Preventing Legionnaire’s Disease To Safeguard Your Health
Posted on 8th Mar, 2017 | By Lorretta Tatham
Caused by the Legionella pneumophilia bacteria, Legionnaires disease poses a substantial and potentially fatal health risk. Though often survivable, the threats it poses to tradesmen and public alike are not to be underestimated. Thankfully, it’s reasonably easy to guard against the possibility of this illness by taking proper precautions with water systems.
What Is Legionella?
Legionella is the collective name for over 50 known species of bacteria, which are naturally occurring in soil and water environments – usually in harmlessly low numbers. However, when they’re found in water supplies of buildings such as hotels, hospitals and office blocks, they can potentially pose a health risk. Warm water (between 20C and 45C) is a particularly favourable environment for them to multiply, and they especially flourish in systems with little or no water movement, as stagnant water provides an excellent breeding ground. They can infect the human body through inhalation of contaminated water droplets, leading to a dangerous illness known as Legionnaires Disease; named after the American Legion, who were the first unfortunate group to contract the infection back in 1976.
Legionnaires Disease is, in essence, a respiratory illness and a potentially fatal form of pneumonia caused by inhalation of the Legionella bacteria. It typically affects men more frequently than women, although other factors can affect the likelihood of infection; such as whether the person concerned is over 45, is a smoker or heavy drinker, has diabetes or a pre-existing lung or heart disease, or an otherwise impaired immune system. The symptoms for Legionnaire’s Disease include mild headaches, muscle pain, tiredness or fluctuating temperature, and disorientation. Other flu-like symptoms include shortness of breath, heavy coughing and chest pains.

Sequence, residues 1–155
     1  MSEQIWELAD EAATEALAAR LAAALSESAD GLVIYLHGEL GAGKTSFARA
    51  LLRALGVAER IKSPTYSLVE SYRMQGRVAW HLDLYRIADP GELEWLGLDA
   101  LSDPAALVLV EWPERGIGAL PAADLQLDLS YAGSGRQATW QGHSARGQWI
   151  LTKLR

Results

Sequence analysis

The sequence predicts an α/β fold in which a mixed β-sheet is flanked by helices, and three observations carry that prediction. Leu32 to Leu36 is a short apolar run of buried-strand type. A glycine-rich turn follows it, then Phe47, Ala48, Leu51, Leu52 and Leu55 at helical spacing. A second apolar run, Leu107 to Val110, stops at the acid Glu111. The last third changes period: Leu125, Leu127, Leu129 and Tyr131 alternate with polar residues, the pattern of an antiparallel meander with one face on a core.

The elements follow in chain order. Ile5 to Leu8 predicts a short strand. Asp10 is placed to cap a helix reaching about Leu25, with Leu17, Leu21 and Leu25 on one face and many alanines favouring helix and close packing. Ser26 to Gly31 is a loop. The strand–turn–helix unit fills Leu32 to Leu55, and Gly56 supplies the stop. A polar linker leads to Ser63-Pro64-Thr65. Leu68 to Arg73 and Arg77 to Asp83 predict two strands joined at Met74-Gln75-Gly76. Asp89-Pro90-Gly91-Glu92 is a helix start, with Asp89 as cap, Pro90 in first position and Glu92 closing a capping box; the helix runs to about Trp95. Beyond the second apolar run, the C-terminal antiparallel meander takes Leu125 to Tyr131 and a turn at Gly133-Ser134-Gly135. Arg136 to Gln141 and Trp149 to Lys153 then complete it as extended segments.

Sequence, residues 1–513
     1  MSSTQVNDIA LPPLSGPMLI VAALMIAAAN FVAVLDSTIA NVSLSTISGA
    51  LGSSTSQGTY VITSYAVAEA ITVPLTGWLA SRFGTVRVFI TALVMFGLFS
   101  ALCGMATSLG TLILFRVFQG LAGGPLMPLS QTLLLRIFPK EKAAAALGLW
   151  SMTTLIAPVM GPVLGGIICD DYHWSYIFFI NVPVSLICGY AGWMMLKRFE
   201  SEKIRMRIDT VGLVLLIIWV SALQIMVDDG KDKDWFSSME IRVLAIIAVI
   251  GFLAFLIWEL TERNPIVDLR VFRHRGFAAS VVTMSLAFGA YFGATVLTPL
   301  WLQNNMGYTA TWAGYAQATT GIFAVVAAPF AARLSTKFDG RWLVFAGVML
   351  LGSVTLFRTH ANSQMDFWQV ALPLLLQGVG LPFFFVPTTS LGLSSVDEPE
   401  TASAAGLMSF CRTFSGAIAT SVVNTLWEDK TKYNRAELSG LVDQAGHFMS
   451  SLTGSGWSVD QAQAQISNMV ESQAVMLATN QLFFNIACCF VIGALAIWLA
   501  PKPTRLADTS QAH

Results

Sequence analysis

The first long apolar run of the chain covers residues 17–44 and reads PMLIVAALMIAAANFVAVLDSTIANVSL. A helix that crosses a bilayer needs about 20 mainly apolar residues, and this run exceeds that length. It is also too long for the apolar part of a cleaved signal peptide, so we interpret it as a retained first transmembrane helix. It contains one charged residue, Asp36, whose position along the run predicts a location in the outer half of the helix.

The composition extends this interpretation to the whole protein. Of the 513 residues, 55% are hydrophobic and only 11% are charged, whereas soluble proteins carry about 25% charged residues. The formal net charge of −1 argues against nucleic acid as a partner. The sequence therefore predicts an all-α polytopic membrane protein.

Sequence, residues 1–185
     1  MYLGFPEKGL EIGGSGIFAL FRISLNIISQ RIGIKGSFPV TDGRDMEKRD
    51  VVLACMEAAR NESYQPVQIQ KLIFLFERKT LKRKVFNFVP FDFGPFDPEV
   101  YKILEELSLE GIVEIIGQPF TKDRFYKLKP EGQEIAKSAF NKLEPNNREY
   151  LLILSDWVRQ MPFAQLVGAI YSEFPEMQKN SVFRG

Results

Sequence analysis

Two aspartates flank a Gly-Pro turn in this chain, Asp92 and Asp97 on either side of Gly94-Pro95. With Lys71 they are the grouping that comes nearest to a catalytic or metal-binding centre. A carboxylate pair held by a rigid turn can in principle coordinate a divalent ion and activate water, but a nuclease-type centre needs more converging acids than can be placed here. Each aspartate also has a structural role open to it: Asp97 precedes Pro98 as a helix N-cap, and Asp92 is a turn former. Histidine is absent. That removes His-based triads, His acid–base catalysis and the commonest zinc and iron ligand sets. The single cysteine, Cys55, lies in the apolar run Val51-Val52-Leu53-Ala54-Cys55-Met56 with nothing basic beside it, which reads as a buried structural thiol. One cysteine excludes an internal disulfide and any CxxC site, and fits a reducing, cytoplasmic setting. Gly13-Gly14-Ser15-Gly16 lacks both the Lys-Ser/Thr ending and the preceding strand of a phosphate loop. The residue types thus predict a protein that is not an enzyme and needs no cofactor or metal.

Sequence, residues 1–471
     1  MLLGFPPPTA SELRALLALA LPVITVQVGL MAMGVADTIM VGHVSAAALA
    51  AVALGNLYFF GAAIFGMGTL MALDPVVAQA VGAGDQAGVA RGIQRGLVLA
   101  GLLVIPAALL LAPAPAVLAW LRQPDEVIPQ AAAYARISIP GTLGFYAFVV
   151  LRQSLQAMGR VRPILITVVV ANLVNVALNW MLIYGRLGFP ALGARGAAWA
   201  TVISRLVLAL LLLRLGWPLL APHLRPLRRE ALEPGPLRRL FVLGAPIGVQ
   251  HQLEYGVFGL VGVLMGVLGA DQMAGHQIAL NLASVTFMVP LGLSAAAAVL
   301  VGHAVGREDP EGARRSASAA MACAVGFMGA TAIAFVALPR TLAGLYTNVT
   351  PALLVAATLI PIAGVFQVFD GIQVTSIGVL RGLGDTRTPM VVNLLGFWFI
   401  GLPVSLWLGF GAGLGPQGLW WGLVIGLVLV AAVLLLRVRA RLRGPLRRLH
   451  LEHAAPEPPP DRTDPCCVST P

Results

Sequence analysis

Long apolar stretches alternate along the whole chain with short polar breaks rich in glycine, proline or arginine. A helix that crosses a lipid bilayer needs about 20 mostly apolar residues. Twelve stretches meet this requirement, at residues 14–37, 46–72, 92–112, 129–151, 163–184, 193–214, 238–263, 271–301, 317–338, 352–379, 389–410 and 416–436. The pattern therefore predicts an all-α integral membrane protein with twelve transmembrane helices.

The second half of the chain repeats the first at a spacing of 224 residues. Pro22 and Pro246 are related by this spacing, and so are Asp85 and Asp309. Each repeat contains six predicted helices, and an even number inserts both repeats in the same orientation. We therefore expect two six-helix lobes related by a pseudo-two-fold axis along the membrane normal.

There are between 200 and 300 reported cases of Legionnaires Disease each year in the UK, although a substantial amount of these cases are thought to have been originally contracted abroad. There is no vaccine, but the good news is that the disease is not contagious, and primarily treated with antibiotics. Even better, about 90% of people with Legionnaires disease make a full recovery after these antibiotics. However, even one person dying from a preventable disease is one too many, and that’s why it’s important to take steps to preclude any outbreaks.
Preventing The Spread Of Harmful Legionella
As legionella flourishes in warm water such as those in hot water tanks, heaters and cooling towers (along with less essential systems like decorative fountains), thorough maintenance of water treatment systems is a crucial element in effectively preventing outbreaks of Legionnaire’s Disease. Part of this involves dealing with the impurities that the bacteria use for sustenance, such as rust, limescale and algae. Infrequently used outlets should be flushed out, while cold water storage tanks should be cleaned periodically and hot water cylinders drained to check for debris or signs of corrosion.
At Browns Safety Services, we offer a series of legionella awareness training courses specifically aimed at preventing outbreaks of Legionnaire’s Disease and similar health risks. Click here to make a course enquiry, or enquire on-site about offsite training. In the meantime if you have any questions you can call us on 01282 615517. We’re here to help!
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